Five minutes into our conversation with Marissa Oca on a hot May afternoon and we knew that this was one tough, driven woman. “I am a blazing fire of passion for work,” she said. “Work has to be done.” The toughness and the drive she apparently got from her late father, Capt Gregorio Oca, whose steely character and negotiating skills made him a maritime union leader to reckon with even outside the Philippines. But the passion is all her own and it is deep-rooted.
Ms Oca heads the Gig and the Amazing Sampaguita Foundation Inc (GASFI), whose “Twenty Minutes at Bedtime, Read to Your Child” programme seeks to promote the love for reading amongst seafarers’ children and strengthen family ties. She set up the organisation in memory of her only son, Ambrosio Gregorio (“Gig”) Oca Robles. Gig was president of the Youth for Christ in his high school and had a fondness for the national flower, sampaguita. In March 2009, just before graduation day, he accidentally fell to his death from a hotel balcony at the age of 17.
I am a blazing fire of passion for work. Work needs to be done.
The tragedy gave Ms Oca a sense of mission, a zeal that continues to cut like a knife through her entire being. Initially a book donor project, GASFI has published 10 children’s books which are anchored on traditional Filipino values and mirror real-life situations often faced by seamen’s families. Ten more books are in the pipeline. Translating them from English into the various Philippine languages isn’t on the horizon for now. “No money,” Ms Oca explained. Although it can count for logistical support on the Associated Marine Officers’ and Seamen’s Union of the Philippines (AMOSUP) founded by her father, GASFI is autonomous and has to solicit donations from other sources.
Involvement with seamen and their families came naturally to Ms Oca. When she was about four years old, her father, then a supervisor in a stevedoring firm, would drive her around the piers in his jeep. In 1993 Capt Oca appointed her administrator of AMOSUP’s community development programme. Ms Oca remembers the old man as a “very practical, candid” person. “He was very real. He struck a balance,” she said.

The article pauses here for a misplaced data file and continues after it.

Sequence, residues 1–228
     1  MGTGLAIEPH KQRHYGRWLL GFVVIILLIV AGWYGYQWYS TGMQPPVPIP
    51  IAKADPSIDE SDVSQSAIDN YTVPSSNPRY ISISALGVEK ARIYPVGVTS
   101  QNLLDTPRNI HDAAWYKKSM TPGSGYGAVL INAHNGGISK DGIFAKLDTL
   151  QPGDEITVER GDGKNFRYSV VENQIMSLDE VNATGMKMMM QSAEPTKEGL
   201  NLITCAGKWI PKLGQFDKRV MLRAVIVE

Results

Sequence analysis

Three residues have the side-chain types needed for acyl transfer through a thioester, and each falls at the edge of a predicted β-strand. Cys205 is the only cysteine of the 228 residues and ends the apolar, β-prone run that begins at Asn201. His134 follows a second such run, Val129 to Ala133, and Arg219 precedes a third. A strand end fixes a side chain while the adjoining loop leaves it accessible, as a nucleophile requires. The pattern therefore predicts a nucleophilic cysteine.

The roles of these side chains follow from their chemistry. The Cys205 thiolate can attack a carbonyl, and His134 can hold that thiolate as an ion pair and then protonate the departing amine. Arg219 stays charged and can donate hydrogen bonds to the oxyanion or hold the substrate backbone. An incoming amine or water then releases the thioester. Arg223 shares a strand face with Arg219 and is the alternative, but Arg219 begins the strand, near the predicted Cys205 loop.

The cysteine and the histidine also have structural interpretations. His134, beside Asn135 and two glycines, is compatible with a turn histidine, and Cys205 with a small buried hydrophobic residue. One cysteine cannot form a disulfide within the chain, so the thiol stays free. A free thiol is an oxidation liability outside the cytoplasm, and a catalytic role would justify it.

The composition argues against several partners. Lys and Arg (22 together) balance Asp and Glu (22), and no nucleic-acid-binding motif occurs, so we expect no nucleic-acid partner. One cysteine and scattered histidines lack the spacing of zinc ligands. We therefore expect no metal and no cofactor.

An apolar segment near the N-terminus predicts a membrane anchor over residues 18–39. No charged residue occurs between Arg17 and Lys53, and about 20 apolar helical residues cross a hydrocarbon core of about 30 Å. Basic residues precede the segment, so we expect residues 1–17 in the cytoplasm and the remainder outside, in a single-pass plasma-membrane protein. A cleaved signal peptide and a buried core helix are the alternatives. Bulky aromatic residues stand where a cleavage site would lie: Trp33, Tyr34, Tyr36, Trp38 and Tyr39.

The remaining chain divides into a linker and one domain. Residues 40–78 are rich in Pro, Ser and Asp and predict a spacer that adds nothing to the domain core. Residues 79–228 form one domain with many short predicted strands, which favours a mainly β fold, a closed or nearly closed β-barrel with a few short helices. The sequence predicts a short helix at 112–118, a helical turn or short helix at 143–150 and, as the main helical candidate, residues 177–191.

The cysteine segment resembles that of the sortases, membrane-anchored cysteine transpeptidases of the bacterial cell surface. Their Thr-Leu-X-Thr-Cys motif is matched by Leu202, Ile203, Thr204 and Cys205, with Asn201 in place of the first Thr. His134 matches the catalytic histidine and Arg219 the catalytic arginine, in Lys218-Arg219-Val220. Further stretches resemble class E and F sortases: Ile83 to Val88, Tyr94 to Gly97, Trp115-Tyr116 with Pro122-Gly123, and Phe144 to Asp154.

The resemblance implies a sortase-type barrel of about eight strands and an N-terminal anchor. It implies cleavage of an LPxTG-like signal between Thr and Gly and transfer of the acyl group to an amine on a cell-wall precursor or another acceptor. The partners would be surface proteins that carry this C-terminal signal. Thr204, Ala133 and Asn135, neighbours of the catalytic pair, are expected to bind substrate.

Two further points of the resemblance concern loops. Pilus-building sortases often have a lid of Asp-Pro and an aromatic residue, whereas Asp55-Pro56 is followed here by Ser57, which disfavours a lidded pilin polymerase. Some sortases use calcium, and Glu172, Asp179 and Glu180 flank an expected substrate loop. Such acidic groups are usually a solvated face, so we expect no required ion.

For Ms Oca, though, it’s not just balance that seems to matter but diversity. An economics graduate of the University of California in Santa Barbara, she went on to obtain a master’s degree in hospital administration from the University of the Philippines. She is in the process of developing a degree programme on leadership for the Maritime Academy of Asia & the Pacific (MAAP), AMOSUP’s training arm. Her foundation is also looking to launch a project to help Filipino cassava farmers. That she has boundless energy isn’t surprising. She learned early on the importance of seeing beyond oneself and reaching out to others. “After a while,” she said, “it’s not about money.”
NOTE: This is an ongoing series focusing on women in the maritime world, which is still very much dominated by men. It is hoped that other women will draw inspiration from their dreams, struggles and achievements. Please search our archives for more portraits of maritime women.
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